Douggie (Douglas Edward Farmley) suffered for too long at the hands of his over-protecive mother. As a child, and even as a teenager and young adult she was constantly advising him what not and what to do.  “Douglas don’t feed the dog at the table”; “Douglas don’t fool around while I’m talking to you”; “Douglas Edward for the love of all that’s holy please act your age.”

All his mother’s pleas and instructions fell on deaf ears. At a very young age he had decided that his mother was nothing but a worrier. He had no intention of having his inquisitive native being suffocated. He knew some of her suggestions were for his own good, but he wanted to find out for himself.


One evening while watching the television with his parents as a particularly annoying teenager he  could hold back no longer and let free with his trapped wind. His mother, naturally, scolded him immediately. “Douglas, please don’t. It’s not polite,”

“But mum, doesn’t everyone fart?” he replied.

“Well I don’t.” His mother looked suitably affronted.

“Then we must have a third person in the bed some nights,” Douggie’s dad added as he winked at Douggie laughing. Douggie laughed too.

“Don’t Edward, For goodness sake,” Douggie’s mother chided her husband.

“My dear everyone F…” Douggie’s dad began.

“Enough, enough talk of this ….” his mother trailed off, “I’ll put the kettle on. One day Douggie you will remember some of my words and they will save your life.”


Many years later Douggie was happily engaged and looking forward to a happy and settled life.

His best friend, Simon, had arranged Douggie’s stag party, but had not been given one important piece of  information.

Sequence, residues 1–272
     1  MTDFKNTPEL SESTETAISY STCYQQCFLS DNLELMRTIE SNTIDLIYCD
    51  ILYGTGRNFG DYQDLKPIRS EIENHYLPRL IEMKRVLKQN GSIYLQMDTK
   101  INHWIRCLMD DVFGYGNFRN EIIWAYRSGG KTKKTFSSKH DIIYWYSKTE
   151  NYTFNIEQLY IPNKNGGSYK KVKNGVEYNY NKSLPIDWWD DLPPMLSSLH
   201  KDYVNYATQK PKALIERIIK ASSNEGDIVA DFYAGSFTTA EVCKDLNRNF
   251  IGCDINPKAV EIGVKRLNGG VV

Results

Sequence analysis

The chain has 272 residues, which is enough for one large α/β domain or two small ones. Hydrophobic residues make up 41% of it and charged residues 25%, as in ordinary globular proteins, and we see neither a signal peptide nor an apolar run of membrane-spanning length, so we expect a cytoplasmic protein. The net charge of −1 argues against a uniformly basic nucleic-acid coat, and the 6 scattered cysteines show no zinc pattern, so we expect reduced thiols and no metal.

The festivities started in a local restaurant, where Simon insisted that everyone get a good meal to line their stomachs ready for the heavy drinking that would come later. Simon knew that Douggie loved Chinese food and had booked the best place in town.  Because there were thirty in their party the easiest way to get food to the table quickly was with a set menu. Simon had discussed this with the restaurant manager the week before so that when they arrived at seven o’clock their table was already laden with a selection of delicious looking and smelling food.

“This looks amazing, mate,” Douggie enthused punching Simon gently on the arm. In his head his mum’s voice started up ‘Douggie, don’t….’  which he silenced by accepting a bottle of the beer and taking a generous gulp.

“Here you go, mate,” Simon said passing Douggie a plate of the starters. Without looking Douggie took a mouthful of the Chinese toast.

Within seconds Douggie’s face went a bright red and his eyes started to water. Just a couple of seconds more he was having difficulty breathing and started to pull at the collar of his shirt. His eyes closed as he started to fall.

“Douggie, Douggie, Are you okay,” Simon shouted as he rushed back to Douggie’s side. He was just in time to catch Douggie as he fell.

“Someone call an ambulance quickly, he’s not breathing,” Simon shouted in a complete panic.

As Douggie fell into unconciousness he heard his mum’s voice one more time ‘ Douggie whatever you do don’t eat fish, we are both dangerously allergic, just one mouthful could cause anaphylactic shock. Don’t ever forget: Don’t. Eat. Fish.”



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